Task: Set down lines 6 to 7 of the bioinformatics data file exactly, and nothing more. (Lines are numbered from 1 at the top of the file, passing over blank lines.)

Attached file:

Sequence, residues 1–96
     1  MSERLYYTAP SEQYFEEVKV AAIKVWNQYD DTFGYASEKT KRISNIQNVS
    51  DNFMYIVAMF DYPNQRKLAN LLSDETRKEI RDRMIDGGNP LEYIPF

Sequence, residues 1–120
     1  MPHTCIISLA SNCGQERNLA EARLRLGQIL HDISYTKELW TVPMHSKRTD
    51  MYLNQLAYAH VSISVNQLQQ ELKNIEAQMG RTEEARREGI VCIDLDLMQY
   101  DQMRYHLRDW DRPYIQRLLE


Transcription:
    51  MYLNQLAYAH VSISVNQLQQ ELKNIEAQMG RTEEARREGI VCIDLDLMQY
   101  DQMRYHLRDW DRPYIQRLLE